Brown sugar is just plain old white sugar with a little bit of molasses mixed in. My recommendation: AVOID, unless it’s organic (has more nutrients) then USE IN MODERATION.
Originally made from the sugary sap of the date palm or sugar date palm, it’s also made from the sap of coconut palms. With a relatively low glycemic index, coconut palm sugar is the new rage among health nuts. Yes, I’m one of them – I love the taste and texture of coconut sugar and occasionally use it in baking. I’d probably use it more often if it wasn’t so expensive. It’s often called “coconut nectar sugar” or “coconut sugar”. High in potassium and slightly less calories (but also less sweet) than sugar. My recommendation: GOOD STUFF
Corn syrup is commercial glucose derived from cornstarch. It is completely devoid of nutrition but still not AS bad as high fructose corn syrup. My recommendation: AVOID, use Agave syrup or Brown rice syrup (or a combination) instead.
Derived from ground, dried dates, date sugar is about half as sweet as table sugar. High in potassium and very alkalizing, but it also has a high glycemic load and should be used sparingly for diabetics. My recommendation: USE IN MODERATION, but it’s definitely better than white sugar.
Here’s some useless trivia: Demerera is named after a colony in Guyana, which first began producing and selling the sugar in large volume. It is extracted primarily from sugar cane, rather than sugar beets and tends to be more expensive than refined sugars as a result. Because demerara sugar is not heavily refined, it has a rich, creamy, molasses-like flavor which enhances baked goods. The large grains also remain crunchy through cooking, which makes demerara sugar a great choice of sprinkled topping. My recommendation: USE IN MODERATION, but again, it’s better than white sugar.
A synthetic monosaccharide derivative of cornstarch, it’s a another form of glucose. My recommendation: AVOID
–See Sugar Alcohol.
Fructooligosaccharides (usually abbreviated FOS)/Inulin
These are naturally-occurring, mildly sweet, indigestible carbohydrates. FOS does not affect blood sugar levels and is therefore suitable for diabetics and hypoglycemics. All forms of FOS act as dietary fiber and has been shown to reduce both cholesterol and triglyceride levels and may provide improved absorption of minerals such as calcium, magnesium, iron, and phosphate. FOS is commonly extracted from chicory roots and Jerusalem artichokes (as it occurs in relatively large quantities in these items,) but it is also found in many other vegetables. FOS cannot be broken down by the human digestive system, but they can be broken down and consumed by the bacteria in the digestive tract. For this reason, FOS is considered to be a prebiotic-a substance which provides nourishment for the good gut flora. It’s often combined with Stevia to enable it’s use as a spoon for spoon replacement for sugar. My recommendation: BENEFICIAL.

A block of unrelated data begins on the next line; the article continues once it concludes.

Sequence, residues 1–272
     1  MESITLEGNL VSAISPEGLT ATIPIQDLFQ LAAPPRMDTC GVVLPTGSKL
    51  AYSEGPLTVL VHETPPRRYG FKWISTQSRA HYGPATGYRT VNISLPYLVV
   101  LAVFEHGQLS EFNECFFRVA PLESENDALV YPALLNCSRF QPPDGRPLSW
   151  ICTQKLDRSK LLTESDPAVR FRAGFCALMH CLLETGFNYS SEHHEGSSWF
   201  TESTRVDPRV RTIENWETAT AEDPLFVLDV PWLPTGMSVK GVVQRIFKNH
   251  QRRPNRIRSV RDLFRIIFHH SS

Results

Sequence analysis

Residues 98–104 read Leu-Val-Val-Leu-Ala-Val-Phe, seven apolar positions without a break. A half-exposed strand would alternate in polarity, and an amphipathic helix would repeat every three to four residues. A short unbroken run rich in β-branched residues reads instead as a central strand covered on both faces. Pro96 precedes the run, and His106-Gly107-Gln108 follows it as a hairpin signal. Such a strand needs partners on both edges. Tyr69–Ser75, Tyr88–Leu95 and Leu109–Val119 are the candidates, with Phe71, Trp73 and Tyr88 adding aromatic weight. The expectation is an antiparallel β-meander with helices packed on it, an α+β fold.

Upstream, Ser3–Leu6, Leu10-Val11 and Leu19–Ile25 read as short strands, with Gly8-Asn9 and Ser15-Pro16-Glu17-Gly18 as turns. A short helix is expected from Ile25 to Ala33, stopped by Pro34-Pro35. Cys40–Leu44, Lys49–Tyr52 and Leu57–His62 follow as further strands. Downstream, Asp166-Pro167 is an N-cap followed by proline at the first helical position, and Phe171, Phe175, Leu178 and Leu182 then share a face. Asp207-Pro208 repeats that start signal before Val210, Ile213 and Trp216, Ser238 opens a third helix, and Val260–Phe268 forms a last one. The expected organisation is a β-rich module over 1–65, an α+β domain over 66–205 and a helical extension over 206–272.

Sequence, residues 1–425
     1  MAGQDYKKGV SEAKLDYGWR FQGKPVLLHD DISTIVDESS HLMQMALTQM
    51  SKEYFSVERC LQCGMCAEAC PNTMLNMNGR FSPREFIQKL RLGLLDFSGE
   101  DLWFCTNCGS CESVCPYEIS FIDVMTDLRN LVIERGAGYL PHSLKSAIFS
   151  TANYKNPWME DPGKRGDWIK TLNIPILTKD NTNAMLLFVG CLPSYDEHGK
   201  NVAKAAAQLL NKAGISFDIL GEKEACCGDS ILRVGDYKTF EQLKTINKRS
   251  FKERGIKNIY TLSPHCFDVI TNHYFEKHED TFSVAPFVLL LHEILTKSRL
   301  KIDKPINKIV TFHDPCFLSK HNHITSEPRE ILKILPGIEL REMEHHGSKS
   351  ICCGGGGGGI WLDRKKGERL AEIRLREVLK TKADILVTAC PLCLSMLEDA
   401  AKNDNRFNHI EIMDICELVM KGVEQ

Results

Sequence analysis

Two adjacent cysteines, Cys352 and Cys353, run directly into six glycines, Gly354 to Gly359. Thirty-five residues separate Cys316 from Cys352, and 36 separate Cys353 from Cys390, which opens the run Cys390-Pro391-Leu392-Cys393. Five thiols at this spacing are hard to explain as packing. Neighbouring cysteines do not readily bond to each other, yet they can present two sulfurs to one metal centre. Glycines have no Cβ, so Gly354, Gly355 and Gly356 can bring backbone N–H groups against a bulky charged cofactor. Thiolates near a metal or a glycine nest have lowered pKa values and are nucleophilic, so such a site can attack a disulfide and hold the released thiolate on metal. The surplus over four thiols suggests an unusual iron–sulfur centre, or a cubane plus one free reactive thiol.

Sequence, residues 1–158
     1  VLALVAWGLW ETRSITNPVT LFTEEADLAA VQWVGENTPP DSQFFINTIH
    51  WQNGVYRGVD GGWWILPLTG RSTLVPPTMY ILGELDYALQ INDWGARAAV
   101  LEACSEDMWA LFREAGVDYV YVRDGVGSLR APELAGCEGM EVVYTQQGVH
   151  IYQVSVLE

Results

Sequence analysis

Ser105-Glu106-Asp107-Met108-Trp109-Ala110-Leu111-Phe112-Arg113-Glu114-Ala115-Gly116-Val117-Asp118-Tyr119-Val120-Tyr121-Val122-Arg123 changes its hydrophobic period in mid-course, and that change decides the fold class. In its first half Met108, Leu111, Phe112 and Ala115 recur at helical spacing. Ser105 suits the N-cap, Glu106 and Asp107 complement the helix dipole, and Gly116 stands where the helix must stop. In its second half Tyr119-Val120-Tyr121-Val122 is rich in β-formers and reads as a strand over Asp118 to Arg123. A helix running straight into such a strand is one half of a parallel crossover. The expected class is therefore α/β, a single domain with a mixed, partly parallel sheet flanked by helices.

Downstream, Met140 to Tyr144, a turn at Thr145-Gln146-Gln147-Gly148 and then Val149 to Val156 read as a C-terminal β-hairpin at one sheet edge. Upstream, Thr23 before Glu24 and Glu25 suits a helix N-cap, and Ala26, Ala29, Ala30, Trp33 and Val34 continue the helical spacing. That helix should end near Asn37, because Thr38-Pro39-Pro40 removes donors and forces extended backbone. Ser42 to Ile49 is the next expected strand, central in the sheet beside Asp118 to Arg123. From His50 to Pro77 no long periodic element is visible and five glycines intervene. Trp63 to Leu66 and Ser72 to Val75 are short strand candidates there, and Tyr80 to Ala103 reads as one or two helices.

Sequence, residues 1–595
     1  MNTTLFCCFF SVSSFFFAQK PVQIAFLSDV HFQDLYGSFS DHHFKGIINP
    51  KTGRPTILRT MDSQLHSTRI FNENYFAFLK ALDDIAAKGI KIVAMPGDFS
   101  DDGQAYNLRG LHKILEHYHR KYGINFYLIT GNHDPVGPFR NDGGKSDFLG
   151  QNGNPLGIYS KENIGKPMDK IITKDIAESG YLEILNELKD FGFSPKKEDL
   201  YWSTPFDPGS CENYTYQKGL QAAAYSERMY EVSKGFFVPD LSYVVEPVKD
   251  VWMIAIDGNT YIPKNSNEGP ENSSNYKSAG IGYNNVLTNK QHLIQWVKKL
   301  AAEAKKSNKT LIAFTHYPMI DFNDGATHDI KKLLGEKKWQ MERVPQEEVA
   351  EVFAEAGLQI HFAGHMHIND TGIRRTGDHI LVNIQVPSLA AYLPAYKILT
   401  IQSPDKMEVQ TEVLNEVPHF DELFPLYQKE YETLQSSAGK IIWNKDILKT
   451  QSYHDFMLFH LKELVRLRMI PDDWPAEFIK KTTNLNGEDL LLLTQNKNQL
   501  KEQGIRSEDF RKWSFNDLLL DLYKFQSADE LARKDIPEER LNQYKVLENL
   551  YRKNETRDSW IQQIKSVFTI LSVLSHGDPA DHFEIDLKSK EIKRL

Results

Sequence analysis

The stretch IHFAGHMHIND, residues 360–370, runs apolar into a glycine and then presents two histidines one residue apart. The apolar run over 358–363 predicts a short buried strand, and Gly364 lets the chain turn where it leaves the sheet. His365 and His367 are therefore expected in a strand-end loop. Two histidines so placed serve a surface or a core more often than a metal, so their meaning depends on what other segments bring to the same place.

Fructose is commercially produced and refined from cornstarch, but has the same molecular structure as fruit sugar. Fructose takes longer to digest so it better than sugar on the glycemic index, meaning that it releases sugar into the bloodstream more slowly. Fructose is twice as sweet as sugar and for dieters, it seems to decrease the need for edible calories if taken prior to eating, but it may raise blood fats and contribute to heart disease. Less dental plaque is reported with the use of fructose, but my recommendation? AVOID
Fruit Juice Concentrate
A derivative of grapes usually, this highly refined product contains about 68% soluble sugar. The fructose, glucose and sucrose levels vary with each fruit used. High glycemic load, not recommended for diabetics. Note: Sometimes extra corn syrups are added to this to get the sugar content up. My recommendation: AVOID. If it’s pure organic fruit juice concentrate, USE IN MODERATION.